• Wong (2011) suggests a fixed, two-tiered system, with clinical symptoms and syndromes at the first level and their cause(s) at the next. Using the classification to catalog causes associated with specific electroclinical presentations is central to our own vision of the new organization. Therefore, we certainly endorse the suggestion of Wong (2011) that, for example, one might have juvenile myoclonic epilepsy (JME) in association with a GABRA1 mutation, a malformation of cortical development, or of no known cause. Others have reported such an approach in the context of West syndrome (Osborne, 2010) and benign familial infantile epilepsy (Mulley et al., 2011). We depart somewhat from the rigidity of Wong’s approach, however, in that we think a flexible organization will allow clinicians or researchers to organize the epilepsies according to their specific needs and purposes. For example, knowing that SCN1A mutations are the most common cause of Dravet syndrome does not help one recognize that syndrome and may actually lead to an incorrect diagnosis (e.g., GEFS+ vs. Dravet syndrome). In contrast, knowing that the typical age at onset is in the first year of life, that it frequently first presents as a hemiconvulsive status in the context of a febrile illness, and that the child was developing normally up until that time immediately raises suspicion of Dravet syndrome. At that point, knowing about the role of SCN1A can then guide genetic investigations. In fact, in a clinical diagnostic setting, one generally begins with clinical presentation, not the specific diagnosis (syndrome), and then develops a clinical diagnosis. This process, in turn, helps to focus investigations on a limited number of causes. We had earlier given an example of organization by age of onset which, for electroclinical syndromes, is of substantial clinical value in guiding diagnosis (Berg et al., 2010). Others may be interested in underlying causes, specific electroencephalography (EEG) features, the occurrence of specific seizure types, and so forth.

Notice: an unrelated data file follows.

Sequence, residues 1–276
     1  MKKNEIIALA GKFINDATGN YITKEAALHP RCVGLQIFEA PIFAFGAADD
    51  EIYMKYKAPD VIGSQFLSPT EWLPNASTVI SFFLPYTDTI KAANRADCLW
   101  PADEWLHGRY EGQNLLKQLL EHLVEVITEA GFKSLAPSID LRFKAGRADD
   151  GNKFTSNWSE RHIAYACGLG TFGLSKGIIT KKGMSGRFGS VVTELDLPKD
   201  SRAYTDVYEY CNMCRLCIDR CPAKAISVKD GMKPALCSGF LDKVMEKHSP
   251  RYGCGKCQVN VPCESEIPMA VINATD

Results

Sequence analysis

• In this context, we would also disagree with Duncan (2011) regarding the retention of the terms simple and complex partial. They do not reflect any inherent structure in our knowledge, have been the source for considerable imprecision in diagnosis of ictal phenomenology, and have been the bane of teaching medical students over many years. Their use teaches the wrong lesson. We do, however, acknowledge and agree with his point regarding the use of the term etiology meaning the study of causation rather than being a synonym for cause.

  • 3